1.) Practice exercise 5 as outlined above. This will improve your sense of timing in a way that relates to actually playing a solo, not just playing your scales up and down. You will begin to appreciate how you can alter the feel and rhythm or your playing between the clicks of your metronome.
      2.) Learn a variety of classic blues solos and songs. Jimi Hendrix, Peter Green, Eric Clapton and Albert King all have a number of awesome slow blues tracks. And in these songs you can hear them manipulate their feel and rhythm. Listen to these songs and then learn them and you’ll begin to see how you can use these techniques in your own playing. Once you’ve learnt the original solos in the songs, try to improvise over the backing track and add your own ideas.
      3.) Improvise and experiment. There are a whole range of slow blues backing tracks in different keys on Youtube. Jam along to these and don’t worry about playing the wrong note or being sloppy with your timing. Push yourself and be adventurous; try not to overthink it. This will help you to transition from the purely mechanical exercise of playing scales up and down to a click, to a real world playing situation.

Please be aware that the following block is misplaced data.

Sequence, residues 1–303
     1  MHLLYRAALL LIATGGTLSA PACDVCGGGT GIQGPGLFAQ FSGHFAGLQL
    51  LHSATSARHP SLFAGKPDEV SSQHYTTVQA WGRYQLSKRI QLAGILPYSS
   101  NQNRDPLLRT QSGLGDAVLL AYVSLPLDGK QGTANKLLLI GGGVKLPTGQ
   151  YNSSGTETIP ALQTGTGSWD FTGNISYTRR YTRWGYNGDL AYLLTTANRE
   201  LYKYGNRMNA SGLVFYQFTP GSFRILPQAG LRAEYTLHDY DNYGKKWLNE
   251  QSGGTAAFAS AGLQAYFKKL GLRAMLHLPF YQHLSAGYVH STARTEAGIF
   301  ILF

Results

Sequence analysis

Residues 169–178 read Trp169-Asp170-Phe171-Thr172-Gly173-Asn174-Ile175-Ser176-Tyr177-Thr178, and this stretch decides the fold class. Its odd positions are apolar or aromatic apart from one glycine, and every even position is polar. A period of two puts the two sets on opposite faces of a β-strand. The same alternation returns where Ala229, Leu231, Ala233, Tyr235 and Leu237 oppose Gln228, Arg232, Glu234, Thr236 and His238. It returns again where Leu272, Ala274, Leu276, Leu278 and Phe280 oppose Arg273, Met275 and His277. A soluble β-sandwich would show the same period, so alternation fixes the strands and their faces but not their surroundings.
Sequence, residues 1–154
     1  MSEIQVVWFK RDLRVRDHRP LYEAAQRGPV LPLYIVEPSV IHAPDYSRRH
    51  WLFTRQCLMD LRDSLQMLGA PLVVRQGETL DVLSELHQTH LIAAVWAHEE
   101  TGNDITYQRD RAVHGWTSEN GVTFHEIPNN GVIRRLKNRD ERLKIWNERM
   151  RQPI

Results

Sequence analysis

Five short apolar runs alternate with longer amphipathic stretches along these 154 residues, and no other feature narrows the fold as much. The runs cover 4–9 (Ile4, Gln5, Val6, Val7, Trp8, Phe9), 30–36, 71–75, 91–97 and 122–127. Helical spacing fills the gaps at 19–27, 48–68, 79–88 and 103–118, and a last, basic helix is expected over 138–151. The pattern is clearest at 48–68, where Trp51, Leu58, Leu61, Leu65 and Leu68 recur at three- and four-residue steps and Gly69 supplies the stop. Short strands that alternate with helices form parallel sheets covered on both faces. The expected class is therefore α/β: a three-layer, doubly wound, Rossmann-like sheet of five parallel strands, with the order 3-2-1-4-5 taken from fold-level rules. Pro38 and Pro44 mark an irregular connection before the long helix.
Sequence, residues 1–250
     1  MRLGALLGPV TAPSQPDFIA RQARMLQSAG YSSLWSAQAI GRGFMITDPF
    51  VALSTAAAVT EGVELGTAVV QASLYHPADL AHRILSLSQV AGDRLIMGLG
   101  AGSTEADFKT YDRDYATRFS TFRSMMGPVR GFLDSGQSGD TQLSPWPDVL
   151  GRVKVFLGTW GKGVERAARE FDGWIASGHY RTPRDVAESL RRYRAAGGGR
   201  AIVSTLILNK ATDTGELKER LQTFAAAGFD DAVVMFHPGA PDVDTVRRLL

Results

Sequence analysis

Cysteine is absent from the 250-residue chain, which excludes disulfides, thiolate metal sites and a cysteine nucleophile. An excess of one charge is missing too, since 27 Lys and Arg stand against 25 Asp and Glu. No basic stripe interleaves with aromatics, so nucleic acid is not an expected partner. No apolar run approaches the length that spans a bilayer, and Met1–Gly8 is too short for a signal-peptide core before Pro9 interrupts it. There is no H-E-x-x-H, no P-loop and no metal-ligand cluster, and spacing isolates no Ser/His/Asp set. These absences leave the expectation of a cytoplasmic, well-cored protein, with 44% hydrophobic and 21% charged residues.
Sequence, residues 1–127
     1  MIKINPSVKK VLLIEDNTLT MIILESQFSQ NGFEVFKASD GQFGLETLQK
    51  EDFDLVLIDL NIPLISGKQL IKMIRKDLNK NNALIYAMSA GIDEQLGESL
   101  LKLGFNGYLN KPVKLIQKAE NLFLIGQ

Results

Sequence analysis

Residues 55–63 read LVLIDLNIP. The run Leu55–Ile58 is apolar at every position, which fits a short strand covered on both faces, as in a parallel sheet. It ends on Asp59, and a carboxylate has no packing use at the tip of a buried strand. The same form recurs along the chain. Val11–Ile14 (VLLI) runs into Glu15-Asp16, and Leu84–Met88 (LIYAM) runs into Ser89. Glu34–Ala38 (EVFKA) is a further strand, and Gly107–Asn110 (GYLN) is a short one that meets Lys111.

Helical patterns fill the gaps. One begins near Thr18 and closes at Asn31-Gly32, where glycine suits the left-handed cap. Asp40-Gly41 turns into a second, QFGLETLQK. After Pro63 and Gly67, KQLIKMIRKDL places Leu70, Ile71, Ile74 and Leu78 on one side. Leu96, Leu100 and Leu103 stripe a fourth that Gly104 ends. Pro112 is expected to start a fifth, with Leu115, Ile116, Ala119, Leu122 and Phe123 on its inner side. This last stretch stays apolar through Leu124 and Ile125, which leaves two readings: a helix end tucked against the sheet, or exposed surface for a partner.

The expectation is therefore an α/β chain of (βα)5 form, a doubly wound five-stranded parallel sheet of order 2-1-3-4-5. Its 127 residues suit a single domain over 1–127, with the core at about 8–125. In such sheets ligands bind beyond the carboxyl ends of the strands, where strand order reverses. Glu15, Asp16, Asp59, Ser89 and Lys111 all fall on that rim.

I hope that helps and makes sense – but if you have any more questions or if there’s anything else I can help with, please just send me an email on aidan@happybluesman.com and I’d love to help. Good luck! 😁

  2. Wow – this is what I have been looking for! Thanks again as always HBM. As a beginner starting out, you don’t know what you don’t know in terms of what you should be incorporating into your practice routine. I’ve just given this a go and it definitely targets a new aspect of my playing development!

    1. Thanks so much for the comment Mikey – I really appreciate and I’m so glad to hear that you have found theses articles helpful. Good luck with implementing these timing exercises, and if you do have any specific questions about either playing or gear, please do let me know. You can reach me on aidan@happybluesman.com and I’m always around and happy to help